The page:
Validity of IQ Test Scores
By Inderbir Kaur Sandhu, Ph.D
My daughter received the WISC-IV at age 6 and obtained a full-scale
score of 135. She also took the WIAT-II and scored within the 99.5
percentile in most areas. She is now 9 and the school wants to retest
her. They say that she was young at the time of testing and her scores
may not be accurate. She has skipped a grade and maintains an A average
and is socially doing well. Is retesting her really necessary? How long
are the scores valid for the tests she already took?
Intelligence tests, the standardised ones that are properly
administered, accurately measured and interpreted, are believed to be
the single, most accurate predictor of general intelligence and it does
provides a snapshot of intellectual functioning at a point in time.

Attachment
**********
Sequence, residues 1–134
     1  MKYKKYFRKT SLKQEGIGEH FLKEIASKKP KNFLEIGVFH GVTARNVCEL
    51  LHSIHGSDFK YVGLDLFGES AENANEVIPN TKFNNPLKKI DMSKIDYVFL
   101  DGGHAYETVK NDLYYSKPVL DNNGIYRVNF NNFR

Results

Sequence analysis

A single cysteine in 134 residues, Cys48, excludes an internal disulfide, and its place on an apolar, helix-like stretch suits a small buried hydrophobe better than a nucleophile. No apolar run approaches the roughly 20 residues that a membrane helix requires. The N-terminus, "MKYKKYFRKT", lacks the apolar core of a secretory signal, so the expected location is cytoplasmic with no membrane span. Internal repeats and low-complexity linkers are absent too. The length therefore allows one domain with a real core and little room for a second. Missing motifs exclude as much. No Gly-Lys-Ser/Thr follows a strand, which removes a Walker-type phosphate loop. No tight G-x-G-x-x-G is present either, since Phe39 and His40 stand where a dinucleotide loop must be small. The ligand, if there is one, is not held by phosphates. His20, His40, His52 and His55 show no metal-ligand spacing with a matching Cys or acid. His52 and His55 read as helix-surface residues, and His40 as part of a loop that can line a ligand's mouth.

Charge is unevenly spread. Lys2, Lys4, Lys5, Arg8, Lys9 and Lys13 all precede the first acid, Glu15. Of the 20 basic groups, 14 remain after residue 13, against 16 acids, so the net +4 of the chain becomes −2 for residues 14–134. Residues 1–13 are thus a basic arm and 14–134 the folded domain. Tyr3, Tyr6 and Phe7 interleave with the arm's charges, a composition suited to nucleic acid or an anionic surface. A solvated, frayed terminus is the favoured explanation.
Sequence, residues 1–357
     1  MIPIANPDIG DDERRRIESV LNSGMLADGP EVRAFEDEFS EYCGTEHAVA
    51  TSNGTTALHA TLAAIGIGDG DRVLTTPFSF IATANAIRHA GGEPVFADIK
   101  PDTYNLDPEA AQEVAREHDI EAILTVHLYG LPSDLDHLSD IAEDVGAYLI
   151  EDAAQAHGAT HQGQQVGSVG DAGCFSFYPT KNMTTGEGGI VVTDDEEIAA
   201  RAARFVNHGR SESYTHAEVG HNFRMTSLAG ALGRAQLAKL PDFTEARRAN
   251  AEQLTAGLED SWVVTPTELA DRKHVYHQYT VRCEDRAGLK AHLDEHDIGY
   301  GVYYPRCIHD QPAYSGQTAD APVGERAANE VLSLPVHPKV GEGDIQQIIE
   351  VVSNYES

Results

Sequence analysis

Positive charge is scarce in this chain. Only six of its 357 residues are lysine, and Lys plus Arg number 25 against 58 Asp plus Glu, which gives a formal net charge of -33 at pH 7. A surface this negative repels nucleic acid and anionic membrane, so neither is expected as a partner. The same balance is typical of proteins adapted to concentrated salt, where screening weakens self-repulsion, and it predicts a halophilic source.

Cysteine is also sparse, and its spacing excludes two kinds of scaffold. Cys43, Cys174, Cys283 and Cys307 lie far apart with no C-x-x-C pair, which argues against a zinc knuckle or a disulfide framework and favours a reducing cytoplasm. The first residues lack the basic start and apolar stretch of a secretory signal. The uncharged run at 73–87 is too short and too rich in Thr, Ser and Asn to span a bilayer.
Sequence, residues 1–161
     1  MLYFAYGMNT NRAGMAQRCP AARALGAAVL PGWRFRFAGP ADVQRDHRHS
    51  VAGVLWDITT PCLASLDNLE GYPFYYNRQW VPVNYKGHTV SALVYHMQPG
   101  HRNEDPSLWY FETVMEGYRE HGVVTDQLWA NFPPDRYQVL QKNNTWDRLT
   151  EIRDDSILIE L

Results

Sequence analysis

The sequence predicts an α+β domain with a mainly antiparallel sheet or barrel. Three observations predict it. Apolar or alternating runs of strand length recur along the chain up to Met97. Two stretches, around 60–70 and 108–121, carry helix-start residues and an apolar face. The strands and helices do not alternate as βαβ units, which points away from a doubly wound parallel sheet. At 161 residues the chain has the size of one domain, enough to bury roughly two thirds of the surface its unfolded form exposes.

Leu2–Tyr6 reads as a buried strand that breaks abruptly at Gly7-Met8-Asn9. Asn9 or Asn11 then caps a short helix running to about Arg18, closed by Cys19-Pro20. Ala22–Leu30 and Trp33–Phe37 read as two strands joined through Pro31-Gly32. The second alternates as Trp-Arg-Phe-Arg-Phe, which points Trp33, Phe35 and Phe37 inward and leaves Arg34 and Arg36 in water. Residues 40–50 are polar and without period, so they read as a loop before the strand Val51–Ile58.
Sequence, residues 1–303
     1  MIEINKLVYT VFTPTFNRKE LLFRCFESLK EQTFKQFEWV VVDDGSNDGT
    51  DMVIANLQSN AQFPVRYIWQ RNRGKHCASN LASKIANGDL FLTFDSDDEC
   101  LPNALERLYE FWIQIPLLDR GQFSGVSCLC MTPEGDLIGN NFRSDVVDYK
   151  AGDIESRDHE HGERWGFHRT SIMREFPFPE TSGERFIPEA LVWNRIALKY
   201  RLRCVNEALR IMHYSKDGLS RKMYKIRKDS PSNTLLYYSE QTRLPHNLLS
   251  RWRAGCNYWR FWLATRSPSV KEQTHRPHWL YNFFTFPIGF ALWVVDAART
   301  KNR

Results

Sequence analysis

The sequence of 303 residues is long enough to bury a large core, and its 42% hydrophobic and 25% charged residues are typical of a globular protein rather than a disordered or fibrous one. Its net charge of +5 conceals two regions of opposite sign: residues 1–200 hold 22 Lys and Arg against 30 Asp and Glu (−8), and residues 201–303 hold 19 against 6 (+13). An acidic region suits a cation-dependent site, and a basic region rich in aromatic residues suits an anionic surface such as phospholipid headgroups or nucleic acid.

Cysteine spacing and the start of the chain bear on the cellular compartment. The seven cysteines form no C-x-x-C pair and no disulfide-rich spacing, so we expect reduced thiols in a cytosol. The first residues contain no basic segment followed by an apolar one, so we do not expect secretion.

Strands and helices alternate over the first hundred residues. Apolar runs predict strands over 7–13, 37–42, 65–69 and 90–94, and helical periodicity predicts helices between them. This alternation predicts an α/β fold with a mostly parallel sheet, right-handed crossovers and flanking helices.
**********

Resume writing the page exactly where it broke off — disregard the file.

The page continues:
Having said that, these scores may not be stable until around seven
years of age, which is due to the rapid rate of neuropsychological
development in early childhood.
What this means is that although your IQ at age ten is strongly
predictive of your IQ. This means that one's IQ score at age 10 is
probably more predictive of a stable IQ at say, 60 years of age, but an
IQ score at age four or five, would probably be a good predictor of
general intellectual functioning at that age, rather than a similar
score at age 60. These tests are normed on standardisation groups that
are six months to one year apart, and age is considered in the scoring.
Intelligence tests have a validity of two years; therefore the school
may feel the need to get your daughter retested. You may need to find
out the reason apart from the age factor when she was first tested.
Especially since she has been accelerated and doing well in her current
programme, with no other issues I believe, I really don't see a good
reason for subjecting the child to testing. Of course, unless this is
the uniform policy in the school and applies to all children, you may
want to speak to some in the school for a better explanation.
Hope that helps clear some doubts. Good luck.